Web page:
- May 2017
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- In this article we draw parallels between law and accounting in order to articulate the concept of "accounting formalism," which refers to both a theory of accounting practice and a methodology of accounting education. We argue that accounting formalism reigns supreme in contemporary accounting education, and we contrast this with the fate of legal formalism, which, while remaining the dominant mode of legal education, nonetheless declined considerably in influence during the twentieth century. We suggest that the dominance of formalism has resulted in an undue emphasis on the technical aspects of accounting education and a relative pedagogical neglect of the social, critical and ethical dimensions. Drawing on two largely separate discourses in accounting - that which surrounds the role of stewardship/accountability and that which focusses on accounting education - we argue that stewardship accountability has the capacity to act as the ideal conduit for integrating formalist and anti-formalist perspectives in accounting theory and thereby provide an appropriate and necessary challenge to the dominance of formalism in accounting education. In addition, we propose that stewardship/accountability, as part of the living law (i.e., the moral or customary tradition) of accounting, has the capacity to provide the conceptual foundations for challenging formalism across the inter-related social, critical and ethical dimensions of accounting theory and education. We suggest that such a challenge would bring about multifarious benefits, not only for all those who participate in and thereby constitute the accounting academy, but also for other stakeholders dissatisfied with the trajectory of the current formalist-dominated mode of accounting education. (C) 2016 Elsevier Ltd. All rights reserved.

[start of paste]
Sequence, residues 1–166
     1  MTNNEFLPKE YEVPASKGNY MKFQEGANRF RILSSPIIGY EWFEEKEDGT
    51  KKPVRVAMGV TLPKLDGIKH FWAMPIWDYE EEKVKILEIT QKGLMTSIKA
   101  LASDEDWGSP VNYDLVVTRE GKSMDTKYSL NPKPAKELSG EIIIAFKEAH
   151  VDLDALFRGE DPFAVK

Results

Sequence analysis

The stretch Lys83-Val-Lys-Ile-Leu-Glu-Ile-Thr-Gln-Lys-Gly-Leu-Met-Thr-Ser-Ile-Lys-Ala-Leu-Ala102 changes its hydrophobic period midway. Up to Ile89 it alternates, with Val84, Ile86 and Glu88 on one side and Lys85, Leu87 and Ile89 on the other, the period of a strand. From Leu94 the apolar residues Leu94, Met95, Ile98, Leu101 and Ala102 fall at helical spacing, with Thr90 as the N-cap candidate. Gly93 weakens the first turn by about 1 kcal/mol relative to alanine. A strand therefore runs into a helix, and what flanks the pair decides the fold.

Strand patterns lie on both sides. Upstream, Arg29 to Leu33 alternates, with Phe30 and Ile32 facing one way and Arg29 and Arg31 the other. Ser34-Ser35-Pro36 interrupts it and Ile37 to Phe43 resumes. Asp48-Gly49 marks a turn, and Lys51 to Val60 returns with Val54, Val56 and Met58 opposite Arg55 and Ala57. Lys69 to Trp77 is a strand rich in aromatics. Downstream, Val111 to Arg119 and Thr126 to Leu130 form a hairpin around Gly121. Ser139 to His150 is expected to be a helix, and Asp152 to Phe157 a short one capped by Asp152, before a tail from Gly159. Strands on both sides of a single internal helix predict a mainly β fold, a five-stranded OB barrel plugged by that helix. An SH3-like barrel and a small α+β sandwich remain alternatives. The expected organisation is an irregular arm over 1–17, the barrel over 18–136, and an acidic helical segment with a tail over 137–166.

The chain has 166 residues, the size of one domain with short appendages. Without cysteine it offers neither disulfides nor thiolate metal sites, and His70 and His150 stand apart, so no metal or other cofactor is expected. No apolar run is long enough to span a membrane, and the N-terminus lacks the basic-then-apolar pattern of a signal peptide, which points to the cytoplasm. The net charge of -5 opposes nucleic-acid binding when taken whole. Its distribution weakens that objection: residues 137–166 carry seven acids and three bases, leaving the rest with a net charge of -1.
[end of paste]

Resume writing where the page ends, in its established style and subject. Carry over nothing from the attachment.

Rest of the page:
- stewardship/accountability; accounting education; legal formalism and accounting formalism and ethical dimensions of accounting; conceptual-framework; signature pedagogies; financial economics; law; jurisprudence; construction; society; accountability; transformation; organizations